Well, it finally happened. The event that all of Iceland was waiting for has arrived. The latest eruption in Iceland, and the country’s newest attraction, has burst onto the scene. Quite literally. A volcano that has been dormant for over 6,000 years has finally erupted and tonnes of molten rock have been ejected from the volcano since the eruption that began around 20:30 on Friday, March 19th. This marks Iceland’s first eruption since Holuhraun in August 2014. On average, there is an eruption in Iceland every five years or so, so whilst this one is a little later than predicted, it is more or less on-trend.
But before we dive into that tricky pronunciation, let’s find out a little more about this latest volcano!
Where is Fagradalsfjall?
The eruption occurred at mount Fagradalsfjall, in Geldingardalur, on the Reykjanes peninsula. This is an area of Iceland that has no less than five volcanic systems, and one of those systems is called Krýsuvík, which has been inactive for over 800 years. A huge portion of the Reykjanes peninsula is already covered in lava fields, and it is the most volcanically active area in the country. What makes this particular eruption unique is that it is the most accessible eruption site in recent times. Previously, it was possible to get close to the eruption sites in Holuhraun, Fimmvörðuháls, and Eyjafjallajökull, but only by modified super jeeps or helicopter. This time, you can make your way there on foot on a relatively short hike.
Is There a Fagradalsfjall Map?
The path to the eruption site constantly evolves, and currently, there are multiple hiking routes that lead to different viewing spots. If you follow this link you will see an overview and a Fagradalsfjall map.
Are You Offering Tours to the Volcano?
Funny you should ask, but we are offering a private day tour to not only Fagradalsfjall but also the very famous Blue Lagoon! What better way to top off your adventure than a dip in these rejuvenating waters!
What we can say is that those interested in this tour should be physically fit and prepared for a hike. The path is rocky, with lots of loose stones and boulders, so you need good shoes. Also, remember to dress well and bring water and snacks with you. We will always monitor the weather, and we will never take you there unless it is safe to do so.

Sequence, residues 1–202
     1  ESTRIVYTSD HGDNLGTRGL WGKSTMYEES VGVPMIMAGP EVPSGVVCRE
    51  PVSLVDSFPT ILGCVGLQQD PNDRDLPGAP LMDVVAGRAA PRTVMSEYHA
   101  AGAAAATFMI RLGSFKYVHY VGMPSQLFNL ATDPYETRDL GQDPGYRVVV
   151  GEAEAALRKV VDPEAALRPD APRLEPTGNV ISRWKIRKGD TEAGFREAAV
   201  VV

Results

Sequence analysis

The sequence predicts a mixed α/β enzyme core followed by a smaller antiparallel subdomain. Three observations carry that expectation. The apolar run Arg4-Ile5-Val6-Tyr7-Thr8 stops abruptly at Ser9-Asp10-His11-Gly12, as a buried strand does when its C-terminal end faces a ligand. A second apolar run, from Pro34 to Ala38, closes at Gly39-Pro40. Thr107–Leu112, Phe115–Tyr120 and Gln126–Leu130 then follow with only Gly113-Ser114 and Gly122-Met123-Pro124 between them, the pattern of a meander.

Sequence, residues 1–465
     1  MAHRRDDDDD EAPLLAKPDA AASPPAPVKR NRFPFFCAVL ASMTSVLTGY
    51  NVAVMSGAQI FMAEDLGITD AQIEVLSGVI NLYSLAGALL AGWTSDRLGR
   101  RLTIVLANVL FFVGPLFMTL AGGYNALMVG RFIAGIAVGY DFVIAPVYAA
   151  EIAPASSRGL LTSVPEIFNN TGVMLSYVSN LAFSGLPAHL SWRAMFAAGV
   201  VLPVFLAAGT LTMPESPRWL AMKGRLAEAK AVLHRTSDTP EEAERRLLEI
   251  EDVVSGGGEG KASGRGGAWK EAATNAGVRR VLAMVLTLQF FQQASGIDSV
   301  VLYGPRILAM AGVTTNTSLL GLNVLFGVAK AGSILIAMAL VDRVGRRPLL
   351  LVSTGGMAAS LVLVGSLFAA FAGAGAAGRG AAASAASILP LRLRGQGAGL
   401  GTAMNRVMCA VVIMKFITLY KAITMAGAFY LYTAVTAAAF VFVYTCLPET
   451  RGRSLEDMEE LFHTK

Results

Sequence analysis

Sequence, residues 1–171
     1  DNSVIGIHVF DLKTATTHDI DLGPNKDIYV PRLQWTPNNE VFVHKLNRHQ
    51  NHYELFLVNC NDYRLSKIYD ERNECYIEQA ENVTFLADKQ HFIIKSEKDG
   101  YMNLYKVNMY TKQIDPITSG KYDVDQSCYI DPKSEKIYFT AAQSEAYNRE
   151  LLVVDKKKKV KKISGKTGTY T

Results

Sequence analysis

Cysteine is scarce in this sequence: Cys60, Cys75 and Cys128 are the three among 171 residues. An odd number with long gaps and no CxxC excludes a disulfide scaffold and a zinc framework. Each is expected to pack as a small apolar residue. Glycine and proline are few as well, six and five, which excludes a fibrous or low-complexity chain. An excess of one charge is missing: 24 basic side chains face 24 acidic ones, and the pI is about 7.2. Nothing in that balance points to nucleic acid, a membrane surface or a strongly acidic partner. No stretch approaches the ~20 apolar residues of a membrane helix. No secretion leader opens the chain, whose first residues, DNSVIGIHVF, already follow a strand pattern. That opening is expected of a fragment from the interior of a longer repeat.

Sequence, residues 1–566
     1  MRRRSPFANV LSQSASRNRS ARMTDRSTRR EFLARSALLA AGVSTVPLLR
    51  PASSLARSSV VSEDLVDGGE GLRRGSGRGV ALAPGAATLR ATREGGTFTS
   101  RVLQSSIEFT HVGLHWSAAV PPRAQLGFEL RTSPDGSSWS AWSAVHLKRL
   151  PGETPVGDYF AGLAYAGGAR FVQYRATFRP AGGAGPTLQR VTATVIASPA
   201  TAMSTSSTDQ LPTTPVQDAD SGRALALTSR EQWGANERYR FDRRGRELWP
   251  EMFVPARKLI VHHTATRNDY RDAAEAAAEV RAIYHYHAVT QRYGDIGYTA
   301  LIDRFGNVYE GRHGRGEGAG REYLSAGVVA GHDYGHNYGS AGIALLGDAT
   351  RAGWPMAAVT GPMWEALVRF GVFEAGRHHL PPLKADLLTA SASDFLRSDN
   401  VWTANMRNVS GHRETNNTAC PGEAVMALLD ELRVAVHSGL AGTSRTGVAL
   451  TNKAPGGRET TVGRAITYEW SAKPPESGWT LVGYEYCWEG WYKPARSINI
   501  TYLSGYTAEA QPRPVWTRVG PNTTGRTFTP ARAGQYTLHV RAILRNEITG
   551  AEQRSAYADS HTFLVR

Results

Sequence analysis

How Can I See the Latest Eruption in Iceland Right Now?
As always, this is another of Iceland’s volcanoes that is not the easiest to pronounce. So, what is the correct Fagradalsfjall pronunciation?
That’s easy: “fug – ra – dals – fy – utl”
See? We knew you could do it!
Fagradalsfjall literally means “Beautiful valley mountain”. A common theme in very long Icelandic names is that they are usually just multiple adjectives strung together. Also, those peculiar Icelandic letters are actually much easier to pronounce once you know how to make the sound. For example:
Æ/æ – This is just ‘a’ and ‘e’ but put together they make the sound ‘eye’
Þ/þ – This is pronounced using a hard ‘th’ sound
Ð/ð – This is pronounced using a softer ‘th’ sound
Ö/ö – This is a little trickier to get the pronunciation right, but it is a little like the ‘i’ or the ‘o’ in ‘bird’ or ‘word’ you make sure you form an ‘o’ shape with your mouth whilst saying it
Ú/ú – Is simply ‘oo’ but with the tongue at the back
Á/á – Is like saying “Oww!” as if you hurt yourself
Í/í – This is simply and ‘ee’ sound
É/é – Is a little like saying a soft ‘ee-yeah’
Ý/ý – Is simply an ‘ee’ sound
Fagradalsfjall Pronunciation Mastered? Try These…
If you are pretty confident you have your Fagradalsfjall pronunciation down, and you think you have a handle on these Iceland letters, try these. Starting with the most famous of all Icelandic words that is hard to pronounce:
Eyjafjallajökull – (ey-ya-fyat-la-yoo-ku-tl): Island Mountain Glacier
Öræfajökull – (u-riy-va-yoo-ku-tl): Wasteland Glacier
Snæfellsjökull – (sn-eye-fells-yoo-ku-tl): Snow Mountain Glacier
Þríhnúkagígur – (three-nook-a-gee-goor): Three Peaks Crater
See? Icelandic is easy, isn’t it?